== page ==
Poor posture effects our flexibility, leads to increased joint strain, changes muscle activation and strength and thus can affect athletic performance. Here's 7 areas affected by posture that you never knew.
1. Depression and energy levels
In a study from San Francisco State University, students were told either to walk in a slouched position or to skip. Those who slouched reported higher feelings of depression and lower energy than the skippers. That's no surprise to posture expert Carol Krucoff, a yoga instructor, author of Healing Yoga for Neck and Shoulder Pain, and founder of healingmoves.com. “Even our language reflects this connection between proper posture and emotional affect; someone weak is called spineless and someone proud has a backbone,” she says.
The fix: Imagine there's a headlight right in the middle of your chest at your sternum. Sitting and standing, your headlight should always shine directly forward, not down on the ground. Now, think of pulling a string through the center of your head towards the ceiling without lifting your chin.
2. Your career
Slouching doesn't just hurt your attitude- it can effect how people see you. “You don't want to walk into somebody's office slouching or bent over because people perceive you as not as vital,” says Janice Novak, author of Posture, Get it Straight. If you are talking to a coach or a recruiter, having better posture will show them that you are more confident in your abilities to be a contributor on their team.
The fix: To avoid being a slouch at your desk try this: set a posture alarm or mental reminder (for example, everytime you check the time or when you send an email). Use this as a cue to pinch your shoulder blades down and back, imagine sliding them into your back pockets. Hold this position while you continue working.
3. Bathroom habits (yes, we went there!)
When you sit in a crunched position, your viscera (intestines) are folded up, too. Your intestines need movement to help pass things so prolonged sitting with poor posture can affect your regularity.
The fix: One yoga pose that can rev up a sluggish gut is the “Baby Cobra”
*Remember: activate abdominals, push through arms as you pinch shoulders down and back. You should not experience any back pain with this!
4. Risk of death and disease
A recent Australian study found that after the age of 25, every single hour of television— aka: slouching on the couch—reduced the viewer’s life expectancy by 21.8 minutes. Plus, in a different study, English researchers compared sitting time with health outcomes and found that people who sat more, doubled their risk of developing diabetes and had a 147% increase in risk for cardiovascular disease, even if they exercised.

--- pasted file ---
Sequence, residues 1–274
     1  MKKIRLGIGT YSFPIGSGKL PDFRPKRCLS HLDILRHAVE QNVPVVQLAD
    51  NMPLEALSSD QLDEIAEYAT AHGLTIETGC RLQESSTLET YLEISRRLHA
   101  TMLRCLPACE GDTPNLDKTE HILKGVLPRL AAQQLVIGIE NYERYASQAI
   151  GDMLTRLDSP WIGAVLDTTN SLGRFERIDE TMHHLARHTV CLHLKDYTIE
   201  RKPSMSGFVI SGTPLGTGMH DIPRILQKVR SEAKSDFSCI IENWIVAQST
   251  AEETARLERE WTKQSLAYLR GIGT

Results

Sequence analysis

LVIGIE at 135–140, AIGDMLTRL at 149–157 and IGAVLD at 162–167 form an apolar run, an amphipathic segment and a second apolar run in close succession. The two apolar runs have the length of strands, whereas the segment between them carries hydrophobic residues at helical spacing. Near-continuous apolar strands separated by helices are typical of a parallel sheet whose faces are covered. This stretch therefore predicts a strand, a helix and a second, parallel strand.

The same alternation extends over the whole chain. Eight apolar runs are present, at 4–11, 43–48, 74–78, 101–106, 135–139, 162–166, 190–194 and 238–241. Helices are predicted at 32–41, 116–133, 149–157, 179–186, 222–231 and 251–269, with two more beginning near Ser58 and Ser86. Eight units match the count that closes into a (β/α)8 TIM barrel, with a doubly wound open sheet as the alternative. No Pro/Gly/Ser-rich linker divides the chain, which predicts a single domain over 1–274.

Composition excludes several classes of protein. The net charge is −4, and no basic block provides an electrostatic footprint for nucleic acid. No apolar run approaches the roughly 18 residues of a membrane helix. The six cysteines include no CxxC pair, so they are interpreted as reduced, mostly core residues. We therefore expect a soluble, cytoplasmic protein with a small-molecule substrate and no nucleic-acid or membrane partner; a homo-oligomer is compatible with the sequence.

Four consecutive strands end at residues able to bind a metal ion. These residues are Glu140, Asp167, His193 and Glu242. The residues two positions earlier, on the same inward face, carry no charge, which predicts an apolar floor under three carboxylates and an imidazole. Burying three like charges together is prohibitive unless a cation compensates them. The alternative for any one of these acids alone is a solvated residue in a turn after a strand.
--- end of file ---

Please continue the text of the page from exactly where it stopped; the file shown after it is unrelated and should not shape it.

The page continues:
The fix: Don’t let the box beat you. Stand up and move around during the commercials. Don’t sit longer than 30 minutes without standing even briefly. Also, start off watching TV by sitting on the floor. If you sit on the floor, you will find yourself doing some type of stretching for your hips and low back minimizing the effects of slouching on the couch.
5. Poor posture makes you look heavier
Does this chair make me look fat? When you are slouched over, your internal organs have nowhere to go but down and out and you immediately look fatter.
The fix: The solution for this one is simple. Get up and move. When we stand as opposed to sit, we burn 20% more calories and strengthen our muscles, boost metabolism and increase bone density.
6. Reduces your circulation
Our bodies are machines that move fluid and gases back and forth. Prolonged sitting, especially with your legs crossed, can reduce blood flow, increase pressure and even place additional stress on veins.
The fix: To get blood flowing to your lower body, stand up and find your best posture. Lift one leg up so your thigh is horizontal to the ground. Keep your standing leg straight (not hyperextended) and hold for five strong breaths, pushing your breathing down to your diaphragm. Repeat on the opposite side.
A recent study from Harvard showed that when people who adopted powerful postures (open shoulders and straight spines) had a 20% increase in testosterone levels and a 25% decrease in cortisol levels (stress hormone)— vs. people who slouched had a 10% decrease in testosterone and a 15% increase in cortisol. That translates into high stress!
“Shallow chest breathing strains the lungs, which must move faster to ensure adequate oxygen flow, and taxes the heart... [it] is forced to speed up... The result is a vicious cycle, where stress prompts shallow breathing, which in turn creates more stress,” says Krucoff.
The fix: Practice belly breathing: Rest your hand below your belly button; you should feel your belly expand as you inhale. Try the 4-4-6 exercise: inhale on a count of 4, hold for a count of 4, and exhale for a count of 6. Make sure these are long counts and work up to doing this for 5 minutes, twice a day.